Leo DiCaprio’s Dark Snow Connection

March 3, 2016

LeoandBox

As I’ve reported – the Leonardo DiCaprio Foundation helped support last summer’s Dark Snow Project efforts in Greenland. Although my schedule did not mesh – Leo’s plans tend to be rather fluid – Jason Box was there to take Leo to some key locations on the ice, and sketch out the problem.

But that was last year.
This summer, for the first time in 3 years, I won’t be heading to Greenland – but there is another project in the works that expands on Dark Snow’s mission – and I’ll need your help.
Announcement coming soon.

If you’re ready to jump in now, click on the image below, and earmark your donation to Peter Sinclair 2016.

supportdarksnow

Mashable:

The speech came as no surprise to Jason Box, a glaciology professor at the Geologic Survey of Denmark and Greenland.Box is one of the scientists who was already personally familiar with the world-famous actor, thanks to DiCaprio’s support for his research in 2015.

Through his foundation, DiCaprio helped fund Box’s “Dark Snow” field campaign, which the prominent ice researcher is using to find out how much the darkening of the ice sheet from pollution in northern midlatitudes is speeding up its melting.

In a demonstration of his level of interest in this subject, Leo didn’t just help fund the Dark Snow campaign.

He also visited it, arriving straight from northern Canada, where he was shooting The Revenant.

DiCaprio met up with Box on July 6, 2015, Box told Mashable.

“I had a helicopter waiting. I toured him around for five hours. We filmed content, I suppose some of which will make it into a documentary he is producing on climate change. He was amazed more people didn’t live in Greenland because it was so ‘f’ing beautiful,'” Box wrote in an email.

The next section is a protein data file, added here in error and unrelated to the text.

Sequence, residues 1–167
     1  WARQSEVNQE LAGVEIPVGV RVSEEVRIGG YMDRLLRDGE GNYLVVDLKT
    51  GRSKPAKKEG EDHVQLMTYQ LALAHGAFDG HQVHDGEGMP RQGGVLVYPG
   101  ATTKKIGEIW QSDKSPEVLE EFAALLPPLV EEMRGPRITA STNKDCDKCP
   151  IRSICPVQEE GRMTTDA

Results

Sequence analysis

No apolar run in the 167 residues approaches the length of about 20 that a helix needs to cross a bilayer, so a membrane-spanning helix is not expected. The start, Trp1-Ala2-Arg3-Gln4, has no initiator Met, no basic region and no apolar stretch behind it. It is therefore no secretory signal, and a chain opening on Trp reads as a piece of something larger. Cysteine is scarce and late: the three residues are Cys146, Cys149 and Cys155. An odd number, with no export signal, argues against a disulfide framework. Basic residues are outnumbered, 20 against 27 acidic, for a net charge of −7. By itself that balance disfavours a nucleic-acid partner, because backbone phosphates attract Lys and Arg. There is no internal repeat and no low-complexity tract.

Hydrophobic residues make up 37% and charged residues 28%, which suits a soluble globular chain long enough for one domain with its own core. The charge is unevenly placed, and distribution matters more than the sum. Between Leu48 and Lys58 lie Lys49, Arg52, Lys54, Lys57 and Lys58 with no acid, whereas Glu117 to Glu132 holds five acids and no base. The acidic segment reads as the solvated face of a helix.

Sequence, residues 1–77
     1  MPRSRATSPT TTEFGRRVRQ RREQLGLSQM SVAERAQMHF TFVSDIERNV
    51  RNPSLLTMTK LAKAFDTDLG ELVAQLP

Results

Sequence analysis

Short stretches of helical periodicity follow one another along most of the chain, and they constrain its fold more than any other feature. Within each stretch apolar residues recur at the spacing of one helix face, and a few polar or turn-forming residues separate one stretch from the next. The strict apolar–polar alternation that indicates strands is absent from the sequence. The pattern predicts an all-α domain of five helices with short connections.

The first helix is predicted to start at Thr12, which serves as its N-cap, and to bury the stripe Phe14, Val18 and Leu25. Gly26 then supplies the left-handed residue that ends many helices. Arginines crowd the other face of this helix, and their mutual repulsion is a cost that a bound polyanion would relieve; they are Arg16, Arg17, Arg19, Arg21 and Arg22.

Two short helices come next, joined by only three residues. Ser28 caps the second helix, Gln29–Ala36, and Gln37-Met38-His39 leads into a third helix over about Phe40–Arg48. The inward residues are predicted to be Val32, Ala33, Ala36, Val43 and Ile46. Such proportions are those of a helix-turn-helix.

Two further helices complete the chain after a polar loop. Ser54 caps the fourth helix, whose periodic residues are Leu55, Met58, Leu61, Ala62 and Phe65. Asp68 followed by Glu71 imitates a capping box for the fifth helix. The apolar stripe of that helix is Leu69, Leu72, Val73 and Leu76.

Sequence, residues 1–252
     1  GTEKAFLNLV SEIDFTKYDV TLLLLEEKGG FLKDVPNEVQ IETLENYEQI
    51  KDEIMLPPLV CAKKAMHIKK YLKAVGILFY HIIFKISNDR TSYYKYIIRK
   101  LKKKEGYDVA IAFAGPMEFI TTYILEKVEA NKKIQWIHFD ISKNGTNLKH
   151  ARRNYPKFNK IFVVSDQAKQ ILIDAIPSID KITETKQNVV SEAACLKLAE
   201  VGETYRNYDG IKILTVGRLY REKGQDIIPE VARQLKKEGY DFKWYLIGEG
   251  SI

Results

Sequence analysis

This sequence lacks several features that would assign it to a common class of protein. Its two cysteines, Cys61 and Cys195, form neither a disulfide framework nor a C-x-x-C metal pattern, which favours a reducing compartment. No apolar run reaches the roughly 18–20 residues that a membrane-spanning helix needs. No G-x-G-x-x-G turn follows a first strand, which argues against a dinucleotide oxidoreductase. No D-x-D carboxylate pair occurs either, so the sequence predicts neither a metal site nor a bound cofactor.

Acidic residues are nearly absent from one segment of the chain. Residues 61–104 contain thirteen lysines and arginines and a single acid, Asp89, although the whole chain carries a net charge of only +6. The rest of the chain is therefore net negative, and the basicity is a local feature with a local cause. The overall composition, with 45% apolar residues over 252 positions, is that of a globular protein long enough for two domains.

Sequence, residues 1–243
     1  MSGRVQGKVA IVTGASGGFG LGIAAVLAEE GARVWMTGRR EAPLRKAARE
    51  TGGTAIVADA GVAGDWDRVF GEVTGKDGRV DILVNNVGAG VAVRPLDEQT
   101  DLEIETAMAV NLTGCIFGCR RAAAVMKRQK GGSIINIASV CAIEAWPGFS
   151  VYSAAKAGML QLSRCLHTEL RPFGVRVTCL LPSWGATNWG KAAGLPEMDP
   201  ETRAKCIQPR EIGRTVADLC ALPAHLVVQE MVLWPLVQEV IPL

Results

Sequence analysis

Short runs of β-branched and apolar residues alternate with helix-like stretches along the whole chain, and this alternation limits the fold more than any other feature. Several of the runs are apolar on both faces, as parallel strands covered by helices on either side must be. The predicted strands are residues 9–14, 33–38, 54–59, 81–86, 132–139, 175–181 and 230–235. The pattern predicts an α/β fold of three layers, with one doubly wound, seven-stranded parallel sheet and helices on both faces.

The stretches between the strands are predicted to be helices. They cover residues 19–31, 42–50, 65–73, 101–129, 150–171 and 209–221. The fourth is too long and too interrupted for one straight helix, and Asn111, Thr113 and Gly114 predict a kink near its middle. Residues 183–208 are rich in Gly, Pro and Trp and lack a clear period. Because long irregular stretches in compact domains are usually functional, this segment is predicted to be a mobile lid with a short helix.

A darker ice sheet absorbs more incoming solar energy during the summer melt season, which in turn melts more snow and ice, contributing to global sea level rise.

n addition to global warming from greenhouse gas emissions, darkening pollution can come from soot emitted by ships passing through the increasingly sea-ice-free Arctic Ocean during the summer, as well as from power plants and factories in East Asia.

In addition, massive wildfires burning in the vast taiga forests of Siberia, Alaska and Canada may also be accelerating the melting of the Greenland ice sheet.

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Computer models have long shown the possibility of significant black carbon, more commonly known as soot, transport to Greenland and other parts of the Arctic.

Box’s work is critical for providing ground truth of what is landing on the ice and snow in the far north, and could result in new policies to limit soot emissions among nations in the northern hemisphere.

DiCaprio’s support of the project demonstrates the actor’s desire to not only help make tangible progress in conservation and climate policy, but also to help further scientific discoveries as well.

“I have no doubt he is truly concerned for the environment, and with good cause,” Box wrote.

DiCaprio appears to be turning into a genuine climate wonk — making him a rare mix of Al Gore crossed with Marlon Brando.

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“I am consumed by this,” DiCaprio told Rolling Stone magazine. “There isn’t a couple of hours a day where I’m not thinking about it. It’s this slow burn. It’s not ‘aliens invading our planet next week and we have to get up and fight to defend our country,’ but it’s this inevitable thing, and it’s so terrifying.”

It’s rare, if not unheard of, for a Hollywood star to fund a scientific research project.

According to Box, DiCaprio’s support, which in this particular case was less than $100,000, provided four-fifths of the cost of a two-month-long field campaign on the ice sheet in 2015.

Box and his colleagues camped out on the ice and flew unmanned aerial vehicles (UAVs) above the ice each day, in order to take measurements of the ice sheet’s reflectivity and surface conditions.